Dr. Helmer has been an internist in private practice and is currently president of DRD Consulting, an executive training firm specializing in the healthcare field, in Haddon Heights, NJ. She was formerly vice president of medical affairs/chief medical off
Feel anxious or even panicky when you get up to face an audience? Or do you sense that your presentation lacks the pizzazz that would help drive your point home? You're far from alone, and it's no reflection on your self-confidence or professional ability.
Since patient care is typically one-on-one, most doctors have given talks as often as the Dalai Lama has given keg parties. So, when it's time to present, you may well dread the prospect. But if you avoid public speaking you may miss opportunities to expand your practice, get the funding or concessions you want, or further your career.
Public speaking skills can be learned. A successful talk entails preparing and organizing the material (including visuals aids), and overcoming anxiety when delivering it.
Divide your talk into a beginning, middle, and end. The beginning grabs attention with a question, anecdote, or challenging statement. The middle builds your argument or provides necessary information; the end should summarize your points, include a call to action, or both.
One helpful tip: create an outline and list your supporting facts and logic. If you organize your talk into a timeline or logical progression, the speech will flow better and you're less likely to go blank during your delivery.
Consider using visual aids, such as a PowerPoint presentation. Be sure they support your message, and choose simple, strong graphics that can be instantly understood.
Time to deliver. Who wouldn't love to captivate an audience like Billy Graham or Anthony Robbins do? Few are so skilled, but more important, you don't have to be that theatrical to make your speech effective.
You should, however, get rid of filler words that make you sound ill at ease, the most common being "ya know?" or "um." Other top offenders: mannerisms like repeatedly smoothing your hair, shifting your weight back and forth, and tapping your foot.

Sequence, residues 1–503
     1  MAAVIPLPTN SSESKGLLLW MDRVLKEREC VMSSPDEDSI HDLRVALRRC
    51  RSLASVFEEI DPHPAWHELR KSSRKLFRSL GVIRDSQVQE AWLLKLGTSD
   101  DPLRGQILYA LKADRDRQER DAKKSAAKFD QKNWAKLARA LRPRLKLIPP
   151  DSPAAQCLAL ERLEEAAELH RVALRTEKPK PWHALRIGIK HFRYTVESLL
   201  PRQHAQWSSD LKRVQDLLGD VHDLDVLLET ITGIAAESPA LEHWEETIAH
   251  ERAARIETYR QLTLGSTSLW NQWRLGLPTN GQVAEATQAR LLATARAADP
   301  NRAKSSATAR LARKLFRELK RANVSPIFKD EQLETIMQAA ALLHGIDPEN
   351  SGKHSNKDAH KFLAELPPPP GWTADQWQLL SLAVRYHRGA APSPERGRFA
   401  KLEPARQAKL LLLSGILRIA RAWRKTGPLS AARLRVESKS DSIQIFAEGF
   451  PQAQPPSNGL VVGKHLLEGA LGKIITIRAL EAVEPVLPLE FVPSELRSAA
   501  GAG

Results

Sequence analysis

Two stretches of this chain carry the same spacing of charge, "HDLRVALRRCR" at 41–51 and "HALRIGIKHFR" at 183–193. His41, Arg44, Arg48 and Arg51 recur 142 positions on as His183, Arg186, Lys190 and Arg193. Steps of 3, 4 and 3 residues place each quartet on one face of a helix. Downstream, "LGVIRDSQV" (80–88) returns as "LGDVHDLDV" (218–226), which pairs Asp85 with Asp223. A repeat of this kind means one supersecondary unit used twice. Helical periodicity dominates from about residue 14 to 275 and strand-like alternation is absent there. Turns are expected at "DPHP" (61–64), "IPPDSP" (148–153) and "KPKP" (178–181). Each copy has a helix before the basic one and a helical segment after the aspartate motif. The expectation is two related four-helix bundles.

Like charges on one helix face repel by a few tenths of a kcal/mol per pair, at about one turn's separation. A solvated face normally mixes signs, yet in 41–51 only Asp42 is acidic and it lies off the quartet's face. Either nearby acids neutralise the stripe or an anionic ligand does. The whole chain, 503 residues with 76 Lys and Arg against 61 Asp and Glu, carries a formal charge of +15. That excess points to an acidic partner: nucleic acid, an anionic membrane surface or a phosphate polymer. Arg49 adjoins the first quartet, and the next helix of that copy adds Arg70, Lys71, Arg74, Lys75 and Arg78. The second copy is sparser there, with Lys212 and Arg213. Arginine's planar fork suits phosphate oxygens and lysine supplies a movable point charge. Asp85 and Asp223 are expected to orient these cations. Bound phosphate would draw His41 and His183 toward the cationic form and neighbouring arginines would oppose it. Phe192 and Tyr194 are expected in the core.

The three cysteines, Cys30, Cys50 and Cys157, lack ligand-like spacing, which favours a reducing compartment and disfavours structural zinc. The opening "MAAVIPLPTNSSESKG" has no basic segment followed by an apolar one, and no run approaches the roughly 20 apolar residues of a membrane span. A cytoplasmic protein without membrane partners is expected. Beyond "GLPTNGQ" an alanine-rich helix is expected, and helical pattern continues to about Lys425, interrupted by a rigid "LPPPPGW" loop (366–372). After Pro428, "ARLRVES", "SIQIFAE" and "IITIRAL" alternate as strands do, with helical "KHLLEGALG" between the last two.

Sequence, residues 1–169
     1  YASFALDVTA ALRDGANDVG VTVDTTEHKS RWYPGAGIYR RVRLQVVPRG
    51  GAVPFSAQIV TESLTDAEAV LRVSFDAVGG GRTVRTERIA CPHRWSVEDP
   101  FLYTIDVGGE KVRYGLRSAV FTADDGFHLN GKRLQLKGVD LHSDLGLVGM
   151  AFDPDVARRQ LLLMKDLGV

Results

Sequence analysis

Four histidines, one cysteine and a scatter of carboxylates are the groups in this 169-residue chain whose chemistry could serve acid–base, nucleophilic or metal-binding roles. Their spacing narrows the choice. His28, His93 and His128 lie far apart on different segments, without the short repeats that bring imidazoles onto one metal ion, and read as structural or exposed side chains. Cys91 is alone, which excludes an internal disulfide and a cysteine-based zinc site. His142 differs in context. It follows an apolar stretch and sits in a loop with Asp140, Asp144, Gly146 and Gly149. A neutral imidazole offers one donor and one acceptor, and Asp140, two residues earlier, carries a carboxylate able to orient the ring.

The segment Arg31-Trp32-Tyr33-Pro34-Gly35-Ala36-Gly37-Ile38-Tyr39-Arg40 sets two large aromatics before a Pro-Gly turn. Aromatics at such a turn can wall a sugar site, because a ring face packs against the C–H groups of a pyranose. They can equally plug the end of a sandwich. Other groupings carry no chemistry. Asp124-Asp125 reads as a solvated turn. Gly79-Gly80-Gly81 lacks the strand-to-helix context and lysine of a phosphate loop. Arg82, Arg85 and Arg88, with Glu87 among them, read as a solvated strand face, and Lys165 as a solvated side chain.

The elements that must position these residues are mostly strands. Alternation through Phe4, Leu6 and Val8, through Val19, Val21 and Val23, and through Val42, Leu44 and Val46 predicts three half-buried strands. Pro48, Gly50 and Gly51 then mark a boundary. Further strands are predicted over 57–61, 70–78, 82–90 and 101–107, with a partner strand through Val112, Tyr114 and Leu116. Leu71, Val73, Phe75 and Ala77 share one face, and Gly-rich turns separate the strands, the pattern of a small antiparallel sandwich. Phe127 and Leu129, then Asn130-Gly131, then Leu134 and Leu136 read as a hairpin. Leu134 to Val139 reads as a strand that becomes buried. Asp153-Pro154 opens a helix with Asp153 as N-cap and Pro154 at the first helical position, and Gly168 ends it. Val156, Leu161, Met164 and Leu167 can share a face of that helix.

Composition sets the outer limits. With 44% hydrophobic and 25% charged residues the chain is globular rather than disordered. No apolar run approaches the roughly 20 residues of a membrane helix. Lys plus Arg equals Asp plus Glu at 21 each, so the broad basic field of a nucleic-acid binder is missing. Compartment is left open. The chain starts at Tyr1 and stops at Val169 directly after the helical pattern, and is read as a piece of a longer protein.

To catch bad speaking habits, practice your talk before family or friends. Get their feedback, or even better, videotape yourself-although orating to family members is fairly low-stress and may not trigger your nervous mannerisms.
Consider a public speaking workshop, where you get instruction, practice, and feedback. Types of workshops vary, from a course at your town's adult school to a $5,000-a-half-day training session taught by Jon Kraushar, whose clients have included Dick Cheney and Rudy Giuliani ( http://www.jonkraushar.net).
An excellent, reasonably priced source of instruction and feedback is your local chapter of Toastmasters International ( http://www.toastmasters.org), an organization that helps people improve their public speaking. Members practice skills such as vocal variety, gesturing, persuading, inspiring, and using visual aids. Annual dues are $54, plus a one-time fee of $20 for new members.
Once you've learned the appropriate skills, practice, practice, practice! Few people can get up and wing it. Read through your talk a couple of times, then condense it into short, bulleted notes on file cards and rehearse with those. You'll grow more comfortable with each run-through, and you may come up with ways to add some flair. Try to let your personality shine through. And when you give the speech, don't race through as if you can't wait to finish it. Pretend you're enjoying yourself, and your audience will feel the same.